In this editorial, professor Erik Werlauff argues that some impoprtant lessons can be learnt from the ECJ’s judgment in Daimler, C-19/11. First, it may be an item of good news for investors in a quoted company that its CEO resigns, or considers to resign. When, after having contemplated and discussed internally from 6 April to 28 July, Daimler’s CEO actually resigned and was replaced, the stock price rose sharply. Second, when assessing when a future event is so probable to occur that disclosure should take place, it is not correct to describe this as a demand for “sufficient probability” (hinreichende Wahrscheinlichkeit). Disclosure should take place when there is a “realistic prospect” (tatsächlich erwartet werden kann) that the future event will occur. Intermediate steps (Zwischenschritte) can in themselves be stock relevant. Third, under German law, as well as under US law, it is natural to be able to sue the quoted company itself on grounds of misleading or delayed stock announcements. Other countries, including Denmark, are gradually coming to a similar state of law, however without statutory law to guide investors. The lesson for the EU should be that common rules are needed in this field. The lesson for quoted companies should be that when insuring ‘board liability’, liability of the quoted company itself should always be included in the insurance. Fourth, legislators, advisors and scholars should remember to compare different linguistic versions of a directive or a regulation. When Germany implemented the market abuse directive, it must have trusted the German version of it (like countries often do). However, this version demanded too high a probability that a stock relevant event would occur, and German legislation was based on the German version of the directive. The Court compared, and concluded that the German version was out of step with the mainstream of linguistic versions. Fifth, after Daimler it has become even more important to remember the exception: Quoted companies must as soon as possible disclose inside information; that is the main rule, and after Daimler it is stronger than ever. The exception consists of the company’s option to delay disclosure under certain (restrictive) circumstances, thereby protecting legitimate interests of the company. All quoted companies are after Daimler more than ever dependent on solid advice in handling this exception.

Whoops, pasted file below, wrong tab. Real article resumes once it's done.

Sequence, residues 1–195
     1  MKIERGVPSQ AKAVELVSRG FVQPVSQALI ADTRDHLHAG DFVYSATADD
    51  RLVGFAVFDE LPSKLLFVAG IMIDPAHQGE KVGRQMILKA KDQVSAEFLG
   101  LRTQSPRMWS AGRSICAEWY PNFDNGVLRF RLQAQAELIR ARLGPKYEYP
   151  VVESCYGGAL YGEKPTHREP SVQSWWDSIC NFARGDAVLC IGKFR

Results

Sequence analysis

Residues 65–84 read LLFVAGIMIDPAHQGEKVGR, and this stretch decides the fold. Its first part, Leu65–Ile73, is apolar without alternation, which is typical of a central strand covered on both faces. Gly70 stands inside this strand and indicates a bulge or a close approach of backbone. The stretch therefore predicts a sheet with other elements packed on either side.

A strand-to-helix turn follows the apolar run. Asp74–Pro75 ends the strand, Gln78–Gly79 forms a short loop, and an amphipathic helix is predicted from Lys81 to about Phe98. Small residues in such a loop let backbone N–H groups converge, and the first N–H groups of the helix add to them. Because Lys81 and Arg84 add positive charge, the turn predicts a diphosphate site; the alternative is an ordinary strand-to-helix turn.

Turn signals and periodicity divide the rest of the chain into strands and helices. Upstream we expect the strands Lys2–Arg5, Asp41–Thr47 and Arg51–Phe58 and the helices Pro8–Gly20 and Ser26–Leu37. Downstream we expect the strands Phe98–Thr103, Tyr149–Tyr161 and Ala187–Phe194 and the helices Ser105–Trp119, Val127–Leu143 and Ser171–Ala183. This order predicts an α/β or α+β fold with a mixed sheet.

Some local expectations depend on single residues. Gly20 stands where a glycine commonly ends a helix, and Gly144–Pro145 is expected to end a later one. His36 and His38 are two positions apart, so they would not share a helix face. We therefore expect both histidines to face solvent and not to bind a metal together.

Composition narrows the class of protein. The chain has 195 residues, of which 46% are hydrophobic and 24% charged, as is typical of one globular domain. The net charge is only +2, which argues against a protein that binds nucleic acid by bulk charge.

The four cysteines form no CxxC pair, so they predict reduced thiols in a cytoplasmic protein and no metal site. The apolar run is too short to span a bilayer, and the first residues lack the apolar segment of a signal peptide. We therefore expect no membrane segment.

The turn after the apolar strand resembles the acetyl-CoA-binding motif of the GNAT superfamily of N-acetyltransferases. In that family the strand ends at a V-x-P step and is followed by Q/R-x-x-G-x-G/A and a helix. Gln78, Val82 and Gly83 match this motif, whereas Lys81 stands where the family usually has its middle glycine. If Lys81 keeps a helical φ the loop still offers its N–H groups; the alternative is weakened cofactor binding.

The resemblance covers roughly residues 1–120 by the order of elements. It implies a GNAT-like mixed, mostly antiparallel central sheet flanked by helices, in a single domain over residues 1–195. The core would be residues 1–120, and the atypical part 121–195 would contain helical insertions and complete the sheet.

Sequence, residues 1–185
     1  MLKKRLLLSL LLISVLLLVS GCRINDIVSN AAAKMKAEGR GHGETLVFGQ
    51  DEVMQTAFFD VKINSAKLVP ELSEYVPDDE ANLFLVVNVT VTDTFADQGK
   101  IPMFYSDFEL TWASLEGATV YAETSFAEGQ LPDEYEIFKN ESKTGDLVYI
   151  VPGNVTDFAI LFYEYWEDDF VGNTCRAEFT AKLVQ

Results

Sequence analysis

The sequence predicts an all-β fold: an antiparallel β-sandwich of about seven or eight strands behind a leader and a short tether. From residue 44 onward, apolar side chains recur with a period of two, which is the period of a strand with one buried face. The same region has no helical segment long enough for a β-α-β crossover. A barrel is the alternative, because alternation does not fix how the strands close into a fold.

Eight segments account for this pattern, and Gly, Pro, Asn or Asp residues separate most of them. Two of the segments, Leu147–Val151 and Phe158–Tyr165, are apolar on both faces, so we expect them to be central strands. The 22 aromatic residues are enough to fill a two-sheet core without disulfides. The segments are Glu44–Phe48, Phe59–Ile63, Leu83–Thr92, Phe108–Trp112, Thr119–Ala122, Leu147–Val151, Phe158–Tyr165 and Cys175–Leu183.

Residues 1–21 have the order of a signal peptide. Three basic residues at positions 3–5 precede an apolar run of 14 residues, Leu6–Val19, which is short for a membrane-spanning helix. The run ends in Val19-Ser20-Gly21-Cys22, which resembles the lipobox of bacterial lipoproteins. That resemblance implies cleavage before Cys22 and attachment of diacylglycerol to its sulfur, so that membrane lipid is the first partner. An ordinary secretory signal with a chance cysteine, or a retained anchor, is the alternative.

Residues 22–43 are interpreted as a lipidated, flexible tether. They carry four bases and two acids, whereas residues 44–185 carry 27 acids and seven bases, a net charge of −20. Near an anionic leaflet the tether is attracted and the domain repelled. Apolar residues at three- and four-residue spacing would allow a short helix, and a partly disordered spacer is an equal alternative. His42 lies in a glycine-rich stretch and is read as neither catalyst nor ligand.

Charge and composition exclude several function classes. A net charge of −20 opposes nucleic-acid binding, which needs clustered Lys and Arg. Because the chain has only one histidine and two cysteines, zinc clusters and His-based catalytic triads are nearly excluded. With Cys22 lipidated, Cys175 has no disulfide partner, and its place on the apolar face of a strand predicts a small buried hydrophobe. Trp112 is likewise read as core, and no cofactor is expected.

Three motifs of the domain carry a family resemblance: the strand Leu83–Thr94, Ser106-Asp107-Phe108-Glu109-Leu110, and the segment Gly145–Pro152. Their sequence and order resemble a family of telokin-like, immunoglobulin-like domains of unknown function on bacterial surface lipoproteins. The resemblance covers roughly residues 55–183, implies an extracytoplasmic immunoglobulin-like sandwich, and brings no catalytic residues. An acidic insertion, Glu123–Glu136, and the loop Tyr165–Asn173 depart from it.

|Translated title of the contribution||Vigtige grundsætninger, der kan uddrages af Daimler-dommen|
|Journal||European Company Law|
|Number of pages||1|
|Publication status||Published - 17 Jan 2014|